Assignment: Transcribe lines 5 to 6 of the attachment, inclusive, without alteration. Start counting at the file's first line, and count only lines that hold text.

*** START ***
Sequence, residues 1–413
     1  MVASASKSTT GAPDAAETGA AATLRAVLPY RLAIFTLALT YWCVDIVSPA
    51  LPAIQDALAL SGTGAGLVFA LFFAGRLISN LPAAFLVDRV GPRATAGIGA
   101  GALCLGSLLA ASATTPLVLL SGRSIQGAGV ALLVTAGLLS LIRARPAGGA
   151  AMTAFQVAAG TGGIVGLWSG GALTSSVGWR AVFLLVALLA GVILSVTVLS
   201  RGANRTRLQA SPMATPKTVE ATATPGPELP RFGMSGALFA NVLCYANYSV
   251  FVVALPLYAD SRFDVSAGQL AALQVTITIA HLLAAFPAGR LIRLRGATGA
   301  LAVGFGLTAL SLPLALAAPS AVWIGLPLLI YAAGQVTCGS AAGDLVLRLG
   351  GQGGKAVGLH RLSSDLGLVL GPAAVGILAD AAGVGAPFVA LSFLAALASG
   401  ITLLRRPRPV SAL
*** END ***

   151  AMTAFQVAAG TGGIVGLWSG GALTSSVGWR AVFLLVALLA GVILSVTVLS
   201  RGANRTRLQA SPMATPKTVE ATATPGPELP RFGMSGALFA NVLCYANYSV